Farmers enjoy second week of great weather

Carole Curtis

Madison — Thanksgiving came early as Wisconsin farmers plowed through a second week of excellent harvest weather.

Farmers work to bring the harvest in.

"It was a nearly perfect week of weather that moved fall harvest and field work along nicely," the Trempealeau County reporter said in the "Wisconsin Crop Progress & Condition Report" for the week ending Nov. 13.

The sunny week provided 6.5 days perfect for fieldwork, accelerating the harvests and pushing soybeans near the finish line. The only thing hampering harvest activities was inadequate grain storage capacity, with above average yields filling elevators and silos in many areas.

"Most harvest is done.  Any left is waiting for storage location space to open up", the Burnett County reporter said in the document created with input from farm reporters and county ag agents around the state.

Clear skies matched farmers' desires with the report's five major weather stations marking precipitation between 0.0 to 0.1 inches for the stretch. Temperatures rode above average, though overnight lows did finally drop below freezing in southern Wisconsin.

The latest first frost ever recorded in La Crosse occurred on Nov. 9, the report said, beating the previous record of Nov. 7, 1900. November 9 was also the second latest frost ever recorded in Madison, while Nov. 12 tied for fifth latest frost in Milwaukee.

In Chippewa County, farmers were harvesting corn for grain and baling the stalks for bedding, as well as digging into fall tillage and spreading manure.

Statewide, the soybean harvest was wrapping up, with 97 percent of the crop harvested by week's end, slightly ahead of the five-year average.

In Waupaca County, producers enjoyed a perfect week for fall harvest. "The soybeans are done and the corn harvest is going full tilt in anticipation for the upcoming gun deer hunt," the reporter said, noting very good yields for the 2016 corn crop.

The corn harvest continued with good yields in Marinette and Oconto counties, while Portage County reported soybean and corn yields coming in above average for that area.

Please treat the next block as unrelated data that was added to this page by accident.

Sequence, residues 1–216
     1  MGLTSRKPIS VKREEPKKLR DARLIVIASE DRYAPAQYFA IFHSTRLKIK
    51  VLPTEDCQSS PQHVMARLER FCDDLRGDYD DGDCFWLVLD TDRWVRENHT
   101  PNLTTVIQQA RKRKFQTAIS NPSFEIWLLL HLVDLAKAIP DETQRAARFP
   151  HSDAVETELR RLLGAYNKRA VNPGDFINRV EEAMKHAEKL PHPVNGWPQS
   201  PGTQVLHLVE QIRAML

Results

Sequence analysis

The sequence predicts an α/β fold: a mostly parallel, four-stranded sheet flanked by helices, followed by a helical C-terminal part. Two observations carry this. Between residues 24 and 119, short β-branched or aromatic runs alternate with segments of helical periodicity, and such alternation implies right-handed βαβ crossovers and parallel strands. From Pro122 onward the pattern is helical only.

The week ended with 83 percent of the state’s corn for grain off the fields, slightly behind last year and four days ahead of the five-year year average.

The average moisture of corn harvested for grain was 18 percent, unchanged from the previous week.

Some producers in Walworth County were wrapping up the harvest, with others close to being done. Test weight and moisture has been consistently excellent, the reporter said, with yields ranging from excellent to poor, depending on rainfall.

Fall tillage and manure spreading continued as fall plantings flourished. The week ended with 65 percent of tillage completed, four days behind last  year, but one day ahead of average.

Ninety-eight percent of winter wheat was planted and 90 percent had emerged, five days behind last year. The crop was rated 81 percent good to excellent, 3 percentage points above the previous week.

This fall's warmth and abundant soil moisture have allowed fall plantings to become well established, the report noted, and in some areas has enabled late hay cuttings.

In Dane County, where a hard frost hit during the week, most of trees have lost their leaves. "It is starting to feel like fall," the reporter noted.

The weekly “Wisconsin Crop Progress & Condition Report” is a cooperative effort of the U.S. Department of Agriculture, the Wisconsin Department of Agriculture, Trade and Consumer Protection and the National Weather Service.